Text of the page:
New Author Showcase: Elizabeth Silva
Another Cheesy Family Newsletter is Elizabeth Silva's first book, a memoir of her family’s conflicts during the 20 years her oldest child struggled with addiction. She grew up as an only child in a military family, moved frequently, and finally settled in Texas at age 17. In 1970, she graduated from the University of North Texas with a BA in English, began her career teaching high school English and married soon after. While working as both a teacher and school counselor, she raised her three children and three grandchildren, writing only in personal journals and education publications – and of course her annual holiday newsletters. Upon retirement, after 39 years in education, she began writing seriously, occasionally submitting her writing for publication under her true name, Patty Sisco. She is a regular contributor to The Dallas Morning News. Elizabeth currently lives at home in Texas with her husband, her son, two grandsons, two cats, and a dog.
What does a writing success mean to you?
At first, when I started putting all my journals and personal memories together, I wrote only to please myself – to put down on paper the roller coaster of emotions I experienced as my daughter fell into the abyss of heroin addiction, while my husband and I became parents to her three children.But as the story developed, I realized I had a purpose – to help others whose loved ones are mired in addiction to understand they aren’t alone, and to share the mistakes I made that actually allowed my daughter to remain addicted and emotionally stunted.Success, to me, would mean that I have touched not only these people, but those who have never had these experiences – to open their eyes to the crisis our society is currently faced with. (And, of course, to be recognized as a writer, worthy of reading.)
Who or what influences your writing the most?
Reading, reading, reading. Family dynamics, partially because I was a counselor for 25 years.Because of my family’s struggles, I’m drawn to issues that have to do with addiction and mental illness.Having been an English major, of course I’ve been exposed to a variety of genres and writers, but I love intricate dysfunctional family stories like those written by Pat Conroy.The latest book I haven’t been able to get out of my mind is , by Tara Westover.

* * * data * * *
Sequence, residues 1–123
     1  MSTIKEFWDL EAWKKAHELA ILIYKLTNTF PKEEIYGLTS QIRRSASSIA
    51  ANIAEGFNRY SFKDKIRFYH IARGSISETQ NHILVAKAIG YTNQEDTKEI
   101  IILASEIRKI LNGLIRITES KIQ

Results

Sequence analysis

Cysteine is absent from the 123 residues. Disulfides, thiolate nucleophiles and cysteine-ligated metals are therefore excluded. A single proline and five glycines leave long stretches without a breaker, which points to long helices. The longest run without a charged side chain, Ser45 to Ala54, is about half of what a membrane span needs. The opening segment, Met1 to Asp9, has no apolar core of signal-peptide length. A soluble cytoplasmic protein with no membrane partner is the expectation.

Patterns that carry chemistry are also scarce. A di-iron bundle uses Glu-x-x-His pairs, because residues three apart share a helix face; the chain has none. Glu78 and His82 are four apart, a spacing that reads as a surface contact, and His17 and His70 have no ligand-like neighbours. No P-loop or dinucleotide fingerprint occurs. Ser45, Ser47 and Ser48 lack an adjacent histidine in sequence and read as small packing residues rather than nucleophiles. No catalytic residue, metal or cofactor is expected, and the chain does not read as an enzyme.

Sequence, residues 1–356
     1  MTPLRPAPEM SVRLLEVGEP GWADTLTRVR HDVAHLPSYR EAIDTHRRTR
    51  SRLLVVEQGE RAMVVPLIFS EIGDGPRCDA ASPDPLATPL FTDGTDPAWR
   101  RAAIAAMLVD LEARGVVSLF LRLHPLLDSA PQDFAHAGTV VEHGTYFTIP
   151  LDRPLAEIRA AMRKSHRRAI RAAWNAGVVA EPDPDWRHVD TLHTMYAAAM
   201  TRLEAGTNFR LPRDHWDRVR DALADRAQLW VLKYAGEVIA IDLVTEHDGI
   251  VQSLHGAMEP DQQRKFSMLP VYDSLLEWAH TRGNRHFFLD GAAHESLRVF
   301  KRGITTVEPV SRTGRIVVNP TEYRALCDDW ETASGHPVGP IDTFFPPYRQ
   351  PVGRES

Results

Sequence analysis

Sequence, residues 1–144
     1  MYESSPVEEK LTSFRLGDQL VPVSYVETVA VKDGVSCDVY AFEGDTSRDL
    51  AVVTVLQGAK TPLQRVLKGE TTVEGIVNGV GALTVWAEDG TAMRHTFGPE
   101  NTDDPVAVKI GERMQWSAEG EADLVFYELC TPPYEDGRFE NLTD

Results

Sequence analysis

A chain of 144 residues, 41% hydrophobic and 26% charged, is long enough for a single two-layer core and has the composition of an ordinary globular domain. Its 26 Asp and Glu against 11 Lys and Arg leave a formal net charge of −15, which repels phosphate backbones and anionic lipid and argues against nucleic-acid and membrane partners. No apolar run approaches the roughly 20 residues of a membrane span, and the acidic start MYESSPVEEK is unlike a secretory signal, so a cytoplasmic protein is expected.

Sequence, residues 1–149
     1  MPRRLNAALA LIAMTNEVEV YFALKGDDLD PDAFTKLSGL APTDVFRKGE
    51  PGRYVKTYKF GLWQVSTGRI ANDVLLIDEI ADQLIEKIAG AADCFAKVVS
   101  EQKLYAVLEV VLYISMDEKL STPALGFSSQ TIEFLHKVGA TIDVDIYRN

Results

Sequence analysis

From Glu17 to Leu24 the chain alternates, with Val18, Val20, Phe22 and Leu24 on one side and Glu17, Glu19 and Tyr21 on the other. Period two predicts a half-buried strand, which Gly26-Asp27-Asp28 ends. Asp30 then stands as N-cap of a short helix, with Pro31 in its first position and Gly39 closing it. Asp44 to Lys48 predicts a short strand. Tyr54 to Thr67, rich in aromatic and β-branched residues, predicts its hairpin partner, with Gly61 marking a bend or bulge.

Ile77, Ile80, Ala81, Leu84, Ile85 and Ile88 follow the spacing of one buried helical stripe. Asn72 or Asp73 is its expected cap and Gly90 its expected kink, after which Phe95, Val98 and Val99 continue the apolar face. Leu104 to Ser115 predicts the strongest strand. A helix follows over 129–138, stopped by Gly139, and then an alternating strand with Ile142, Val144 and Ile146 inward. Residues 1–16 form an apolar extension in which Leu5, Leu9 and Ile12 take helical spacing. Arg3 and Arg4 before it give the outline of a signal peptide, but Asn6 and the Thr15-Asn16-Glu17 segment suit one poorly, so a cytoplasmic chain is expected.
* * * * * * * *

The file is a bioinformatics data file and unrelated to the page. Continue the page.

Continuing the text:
Do you have a system for writing?
I sit in my husband’s man cave, while he’s watching sports on TV, and write, write, write – opinion pieces for the Dallas Morning News, blog pieces, or rambling thoughts.I’m currently working on a children’s book, to be illustrated by my 24-year-old granddaughter.
If you could sit down with anyone (living, dead or fictional) and have a long conversation, who would it be?
It varies from time to time, but I would love to once more sit with my mother and have a long conversation about life – past, present, and future.She was the wisest, most giving person I’ve ever known.
Book Title: Another Cheesy Family Newsletter
For years, I have sent out, every holiday season, an uplifting and witty newsletter encapsulating the events of the previous year....births, deaths, marriages, new jobs, home projects, updates on family members, vacations....all with the implication that life was wonderful for the Silva family. What was left out was the bad stuff...the pain of addiction and mental illness, and the struggles of parents grieving for a daughter mired in drug addiction, while raising her three children as their own. This memoir covers two decades of "cheesy family newsletters," each followed by a narrative of the events intentionally left out each year, as well as the backstory: people and experiences of the past that influenced my own emotional health.
Other author links:
Final thought: Any additional information you want readers to know about you or advice you'd give to an aspiring writer?
Do it and do it now! I never took my writing seriously until I was in my 60’s. I was busy working and raising a family and didn’t make my writing a priority, so it just didn’t get done. The more you write, the better you’ll get, so don’t put it off.